Model Airplane News - Membership | Goodbye flybar! A gyro helps a scale makeover

This screen is where you can download and push firmware updates, define your helicopter size, desired flying style, mounting orientation and most importantly, servo specs. Flying style will determine many default settings for gain and response. I set scale for smooth flying on my Cobra, 3D settings are also available.

Model Airplane News - Membership | Goodbye flybar! A gyro helps a scale makeover

Model Airplane News - Membership | Goodbye flybar! A gyro helps a scale makeover

The contents of the BavarianDemon Axon include the unit, USB cable, wire loom to connect to your receiver, and a mounting pad.

Model Airplane News - Membership | Goodbye flybar! A gyro helps a scale makeover

The B-Modul is the Bluetooth interface that can be bound to a smart phone and allows you to make system adjustments at the field without a laptop.

The Axon software was downloaded to my phone and laptop and I connected the Axon to my laptop via the provided USB cable. The software, while identical on both the phone app and laptop software, the laptop is a lot easier to see and navigate so I set my Axons up with a laptop and use the phone app to tweak settings at the field.

A wizard guides you through setting up your Axon by establishing servo connections and gain controls. You then trim your servos and adjust your linkages so that everything is centered and square. Defaults are established by answering the questions about the size and type of helicopter that you’re configuring. establishing default settings that work perfectly for a wide variety of models while giving you very granular control if you’re a compulsive tinkerer that enjoys diving deep into the various settings. The bottom line is, the Axon can be setup and flown successfully by most pilots without needing to understand the complexities yet still exploring them as you gain experience.

The software allows you to save setups to disk so if you want to dive deep and find yourself facing unintended performance you can always load your last saved setup back to the Axon and you’re back in business.

While setting up the gains, I set the head and tail gain inputs each to a knob and slider respectively. During the test flight or flights, I plan on adjusting the gain until I obtain the desired feel. Once I establish the values needed on the gain channel, I will transfer these to the control banks via the software and disable the knob and slider so I don’t inadvertently change settings while handling my transmitter.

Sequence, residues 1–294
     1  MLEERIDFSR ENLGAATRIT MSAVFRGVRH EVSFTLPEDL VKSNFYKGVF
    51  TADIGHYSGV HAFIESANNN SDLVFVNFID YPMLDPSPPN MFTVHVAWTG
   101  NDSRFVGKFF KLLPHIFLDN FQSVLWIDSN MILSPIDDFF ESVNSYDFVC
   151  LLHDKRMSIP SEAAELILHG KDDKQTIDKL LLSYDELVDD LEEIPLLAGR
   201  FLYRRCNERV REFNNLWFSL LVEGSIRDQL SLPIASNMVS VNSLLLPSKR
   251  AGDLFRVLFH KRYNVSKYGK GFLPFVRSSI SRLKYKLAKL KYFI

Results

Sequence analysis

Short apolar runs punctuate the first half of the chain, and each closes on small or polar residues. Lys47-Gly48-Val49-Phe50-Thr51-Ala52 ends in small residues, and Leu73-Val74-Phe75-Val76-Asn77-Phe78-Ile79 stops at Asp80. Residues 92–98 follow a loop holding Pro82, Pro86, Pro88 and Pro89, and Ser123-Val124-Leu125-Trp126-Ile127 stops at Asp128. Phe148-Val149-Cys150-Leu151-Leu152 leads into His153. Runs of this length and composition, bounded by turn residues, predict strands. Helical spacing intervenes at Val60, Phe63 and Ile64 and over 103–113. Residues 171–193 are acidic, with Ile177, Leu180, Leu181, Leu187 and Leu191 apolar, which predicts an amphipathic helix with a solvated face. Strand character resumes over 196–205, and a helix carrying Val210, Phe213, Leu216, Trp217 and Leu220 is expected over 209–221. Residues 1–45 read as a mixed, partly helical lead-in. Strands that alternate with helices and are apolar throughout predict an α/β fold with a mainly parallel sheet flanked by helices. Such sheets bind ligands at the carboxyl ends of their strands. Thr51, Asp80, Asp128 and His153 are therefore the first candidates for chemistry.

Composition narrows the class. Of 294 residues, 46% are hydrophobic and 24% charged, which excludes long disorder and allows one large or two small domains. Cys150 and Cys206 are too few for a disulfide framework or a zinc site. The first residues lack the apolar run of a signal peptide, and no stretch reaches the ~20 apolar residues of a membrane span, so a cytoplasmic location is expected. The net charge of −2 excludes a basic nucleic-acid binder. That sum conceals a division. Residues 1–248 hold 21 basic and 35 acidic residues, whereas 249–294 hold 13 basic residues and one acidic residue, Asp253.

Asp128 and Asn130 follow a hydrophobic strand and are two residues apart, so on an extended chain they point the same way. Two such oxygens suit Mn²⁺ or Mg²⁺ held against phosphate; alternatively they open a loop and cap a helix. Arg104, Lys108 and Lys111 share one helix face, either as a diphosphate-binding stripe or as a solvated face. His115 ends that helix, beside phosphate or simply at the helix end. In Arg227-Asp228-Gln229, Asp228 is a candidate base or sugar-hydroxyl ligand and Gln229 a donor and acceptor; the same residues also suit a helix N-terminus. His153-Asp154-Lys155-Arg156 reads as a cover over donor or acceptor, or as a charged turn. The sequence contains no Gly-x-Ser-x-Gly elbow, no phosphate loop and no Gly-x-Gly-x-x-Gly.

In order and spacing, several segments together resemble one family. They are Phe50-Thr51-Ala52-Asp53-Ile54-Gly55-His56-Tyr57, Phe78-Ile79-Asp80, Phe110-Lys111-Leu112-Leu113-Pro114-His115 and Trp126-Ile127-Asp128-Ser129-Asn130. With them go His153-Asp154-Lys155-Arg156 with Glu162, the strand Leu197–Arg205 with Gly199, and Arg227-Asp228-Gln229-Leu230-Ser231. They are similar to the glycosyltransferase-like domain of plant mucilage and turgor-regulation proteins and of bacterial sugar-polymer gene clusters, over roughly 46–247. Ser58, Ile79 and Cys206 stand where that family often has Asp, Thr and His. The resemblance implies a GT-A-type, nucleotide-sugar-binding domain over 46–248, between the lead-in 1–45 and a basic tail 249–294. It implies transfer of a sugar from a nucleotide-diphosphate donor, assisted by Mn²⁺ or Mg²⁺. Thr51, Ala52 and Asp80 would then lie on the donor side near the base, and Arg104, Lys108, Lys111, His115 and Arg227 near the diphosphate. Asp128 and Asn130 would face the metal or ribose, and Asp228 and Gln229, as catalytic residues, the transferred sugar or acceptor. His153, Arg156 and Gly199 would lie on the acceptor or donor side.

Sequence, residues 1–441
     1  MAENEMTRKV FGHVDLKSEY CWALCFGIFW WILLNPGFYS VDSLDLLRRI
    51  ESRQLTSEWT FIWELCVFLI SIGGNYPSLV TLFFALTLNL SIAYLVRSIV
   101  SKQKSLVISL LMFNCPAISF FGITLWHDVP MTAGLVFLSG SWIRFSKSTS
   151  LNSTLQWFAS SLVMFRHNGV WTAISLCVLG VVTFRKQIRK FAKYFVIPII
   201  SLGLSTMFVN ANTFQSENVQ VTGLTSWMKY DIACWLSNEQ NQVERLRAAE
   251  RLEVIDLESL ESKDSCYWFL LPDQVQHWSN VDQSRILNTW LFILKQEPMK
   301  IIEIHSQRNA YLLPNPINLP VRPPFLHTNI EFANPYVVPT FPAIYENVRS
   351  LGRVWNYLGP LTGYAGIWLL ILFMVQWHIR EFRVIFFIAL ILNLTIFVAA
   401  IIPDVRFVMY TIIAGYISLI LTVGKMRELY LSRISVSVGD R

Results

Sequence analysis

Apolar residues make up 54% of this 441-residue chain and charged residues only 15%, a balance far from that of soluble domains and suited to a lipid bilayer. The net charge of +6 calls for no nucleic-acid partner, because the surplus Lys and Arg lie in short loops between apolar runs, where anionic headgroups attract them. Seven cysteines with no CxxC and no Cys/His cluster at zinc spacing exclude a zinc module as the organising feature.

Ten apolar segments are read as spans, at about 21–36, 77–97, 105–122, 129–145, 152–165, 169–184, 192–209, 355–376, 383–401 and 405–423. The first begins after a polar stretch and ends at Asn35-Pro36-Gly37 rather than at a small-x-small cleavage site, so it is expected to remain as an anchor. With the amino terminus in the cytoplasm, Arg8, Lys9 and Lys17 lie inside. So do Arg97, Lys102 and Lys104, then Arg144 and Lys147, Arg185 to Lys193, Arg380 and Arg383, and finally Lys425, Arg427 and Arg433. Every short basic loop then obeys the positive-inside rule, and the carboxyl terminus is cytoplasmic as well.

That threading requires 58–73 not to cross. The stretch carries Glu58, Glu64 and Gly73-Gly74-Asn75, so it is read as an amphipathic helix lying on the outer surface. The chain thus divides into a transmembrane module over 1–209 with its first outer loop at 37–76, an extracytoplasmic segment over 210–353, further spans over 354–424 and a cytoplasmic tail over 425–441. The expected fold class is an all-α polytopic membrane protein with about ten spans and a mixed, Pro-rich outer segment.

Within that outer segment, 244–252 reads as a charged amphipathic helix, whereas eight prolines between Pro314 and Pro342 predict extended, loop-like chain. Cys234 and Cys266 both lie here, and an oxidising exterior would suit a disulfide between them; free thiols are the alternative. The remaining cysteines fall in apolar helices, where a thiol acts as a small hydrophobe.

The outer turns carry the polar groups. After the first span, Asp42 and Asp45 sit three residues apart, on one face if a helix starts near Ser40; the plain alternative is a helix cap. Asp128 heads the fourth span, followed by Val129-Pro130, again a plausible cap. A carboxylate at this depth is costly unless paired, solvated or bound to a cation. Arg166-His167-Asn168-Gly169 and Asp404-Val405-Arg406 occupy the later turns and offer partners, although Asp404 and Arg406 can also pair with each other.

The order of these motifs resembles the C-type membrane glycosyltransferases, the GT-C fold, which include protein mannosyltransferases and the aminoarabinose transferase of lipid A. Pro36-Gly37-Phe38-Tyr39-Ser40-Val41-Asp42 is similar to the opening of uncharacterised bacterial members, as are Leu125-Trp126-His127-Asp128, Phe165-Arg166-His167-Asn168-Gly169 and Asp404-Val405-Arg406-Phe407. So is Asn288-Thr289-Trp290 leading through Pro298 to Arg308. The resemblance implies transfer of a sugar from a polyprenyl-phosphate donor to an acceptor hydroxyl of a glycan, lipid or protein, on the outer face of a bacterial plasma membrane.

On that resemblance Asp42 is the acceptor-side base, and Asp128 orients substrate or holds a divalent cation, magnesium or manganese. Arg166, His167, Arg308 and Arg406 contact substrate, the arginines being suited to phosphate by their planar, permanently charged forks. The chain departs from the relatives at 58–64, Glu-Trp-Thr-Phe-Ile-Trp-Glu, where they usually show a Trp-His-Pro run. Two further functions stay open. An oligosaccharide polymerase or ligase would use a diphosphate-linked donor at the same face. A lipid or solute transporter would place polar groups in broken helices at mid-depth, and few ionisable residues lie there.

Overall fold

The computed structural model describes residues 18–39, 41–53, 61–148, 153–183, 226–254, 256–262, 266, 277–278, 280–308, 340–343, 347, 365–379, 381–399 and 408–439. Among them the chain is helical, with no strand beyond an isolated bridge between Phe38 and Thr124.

When it came time to hit the flight line, I was getting the jitters usually reserved for test flying a turbine or large model. I double-checked that the Axon was correcting in the proper direction for each axis then had someone else verify my results just in case, an old habit of not being able to inspect my own work when repairing Navy aircraft.

When I was satisfied that the setup was correct, I took a deep breath and switched into Idle 1 and held my breath as the blades came up to speed. So far so good! A quick test hover told me too things, I had way too much cyclic throw and I had some forward and right drift. You can’t use transmitter trim on the Axon or it will interpret it as stick movement, radio center calibrated during initial setup and not during gyro boot up, so I had to land and manually adjust the cyclic linkages and took that time to tame down my dual rates in the transmitter. It took a total of three test hovers to get the linkages setup for zero drift.

The next step was to set the head gain. I used the knob and carefully dialed up the gain until I started to get a shimmy or oscillation in the head and then backed it off a few clicks. The same was done with the tail gain. Gradually gaining confidence I increased forward speed so that I was doing fast circuits, and everything appeared solid. It took a total of 2 battery sets to get the Axon perfect and the Cobra dialed in to my liking.

The ultimate compliment to a scale pilot is to hear someone say “Wow! That looks just like the real thing!” and I’m happy to report that the conversion was a success, and the Cobra is flying as well or better than it was before the conversion but looks 100 percent more scale!

Model Airplane News - RC Airplane News | Goodbye flybar! A gyro helps a scale makeover

Author Andrew Griffith with his Hirobo Cobra


Updated: December 12, 2023 — 9:14 AM